What to do when dating in middle school

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"Dating a classmate may have the same emotional complications of dating a co-worker.

When the couple splits, they have to continue to see each other in class and perhaps witness the ex-partner dating someone else.

And although we already know that junior high school dating was a major drama-fest that certainly distracted from our studies (the number of times I comforted a crying friend in the girls' bathroom during class!

) those of us whose 14-year-old milkshakes didn't bring the boys to the yard may be the better for it, according to a new study out of the University of Georgia.

At the end of the day, "it's better than saying they shouldn't date at all." "What is healthy is being in a group of boys and girls and transitioning from same-sex-only groups into groups in contact with the other sex," says Connolly.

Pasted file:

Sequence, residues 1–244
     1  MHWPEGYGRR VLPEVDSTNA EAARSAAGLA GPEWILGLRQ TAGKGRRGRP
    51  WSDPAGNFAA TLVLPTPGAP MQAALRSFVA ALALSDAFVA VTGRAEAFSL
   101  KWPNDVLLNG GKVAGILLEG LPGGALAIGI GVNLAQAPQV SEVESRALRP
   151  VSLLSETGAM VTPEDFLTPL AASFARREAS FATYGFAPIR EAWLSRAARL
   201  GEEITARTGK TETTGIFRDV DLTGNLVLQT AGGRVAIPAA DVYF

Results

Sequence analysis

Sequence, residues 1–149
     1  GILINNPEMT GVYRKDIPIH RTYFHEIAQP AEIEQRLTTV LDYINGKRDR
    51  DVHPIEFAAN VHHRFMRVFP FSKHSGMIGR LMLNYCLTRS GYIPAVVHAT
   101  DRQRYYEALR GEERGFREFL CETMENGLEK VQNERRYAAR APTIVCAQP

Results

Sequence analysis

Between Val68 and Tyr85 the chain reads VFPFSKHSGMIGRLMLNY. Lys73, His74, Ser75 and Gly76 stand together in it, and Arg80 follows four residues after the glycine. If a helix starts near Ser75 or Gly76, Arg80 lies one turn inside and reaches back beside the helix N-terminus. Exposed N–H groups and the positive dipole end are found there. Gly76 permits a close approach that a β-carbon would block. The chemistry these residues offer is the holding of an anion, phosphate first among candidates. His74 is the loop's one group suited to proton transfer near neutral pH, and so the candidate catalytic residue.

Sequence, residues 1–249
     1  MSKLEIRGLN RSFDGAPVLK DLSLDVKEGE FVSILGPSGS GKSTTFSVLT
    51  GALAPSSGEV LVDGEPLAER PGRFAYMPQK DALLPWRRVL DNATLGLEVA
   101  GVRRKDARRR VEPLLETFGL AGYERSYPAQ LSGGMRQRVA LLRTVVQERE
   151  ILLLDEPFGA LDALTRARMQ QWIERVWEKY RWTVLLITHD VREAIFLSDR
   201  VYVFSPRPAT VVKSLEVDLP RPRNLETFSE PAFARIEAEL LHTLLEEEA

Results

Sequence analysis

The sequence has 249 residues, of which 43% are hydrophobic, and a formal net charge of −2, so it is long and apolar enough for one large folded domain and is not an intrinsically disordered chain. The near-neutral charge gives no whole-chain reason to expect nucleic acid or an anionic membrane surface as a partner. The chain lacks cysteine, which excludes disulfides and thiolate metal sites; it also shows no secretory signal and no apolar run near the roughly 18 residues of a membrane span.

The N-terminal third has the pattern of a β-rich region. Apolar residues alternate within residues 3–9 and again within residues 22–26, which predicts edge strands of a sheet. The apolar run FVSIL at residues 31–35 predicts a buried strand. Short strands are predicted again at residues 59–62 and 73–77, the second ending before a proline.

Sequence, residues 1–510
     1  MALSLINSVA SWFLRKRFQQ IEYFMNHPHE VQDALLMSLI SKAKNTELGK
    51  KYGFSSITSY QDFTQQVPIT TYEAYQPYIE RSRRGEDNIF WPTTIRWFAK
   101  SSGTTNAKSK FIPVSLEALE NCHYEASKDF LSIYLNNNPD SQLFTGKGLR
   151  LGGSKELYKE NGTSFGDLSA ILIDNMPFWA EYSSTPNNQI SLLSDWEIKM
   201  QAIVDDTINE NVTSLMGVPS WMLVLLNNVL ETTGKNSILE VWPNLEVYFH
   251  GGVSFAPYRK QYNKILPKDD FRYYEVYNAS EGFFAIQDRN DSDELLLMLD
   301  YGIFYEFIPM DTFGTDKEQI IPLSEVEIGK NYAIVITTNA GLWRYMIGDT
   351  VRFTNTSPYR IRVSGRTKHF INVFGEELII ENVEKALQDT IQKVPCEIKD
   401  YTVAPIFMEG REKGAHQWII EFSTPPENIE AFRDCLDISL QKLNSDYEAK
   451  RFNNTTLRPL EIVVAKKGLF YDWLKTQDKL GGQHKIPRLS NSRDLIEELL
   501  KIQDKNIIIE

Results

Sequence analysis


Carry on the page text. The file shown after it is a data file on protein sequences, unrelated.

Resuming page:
Groups can offer a safe, protective way for kids to learn.

UGA's research, drawn from following a group of 624 students over a seven-year period from sixth to 12th grade, found that kids who began dating in middle school had worse study skills, were four times more likely to drop out of school and reported twice as much alcohol, tobacco and weed use than their single counterparts.

With this knowledge of the dating scene, why would anyone allow their tween to start dating?

Researchers classify early dating as a component of the same "high-risk behavior" that will later lead these kids to drugs and alcohol at a younger age than others.

Researchers also speculate that the subsequent in-class weirdness following a breakup lends itself to poor academics.

Teens are not simply going through a worse version of the gossip an adult might face during a breakup.

“Teens live off of Facebook in seventh and eighth grade in a way that we don’t as adults,” says Ponton.

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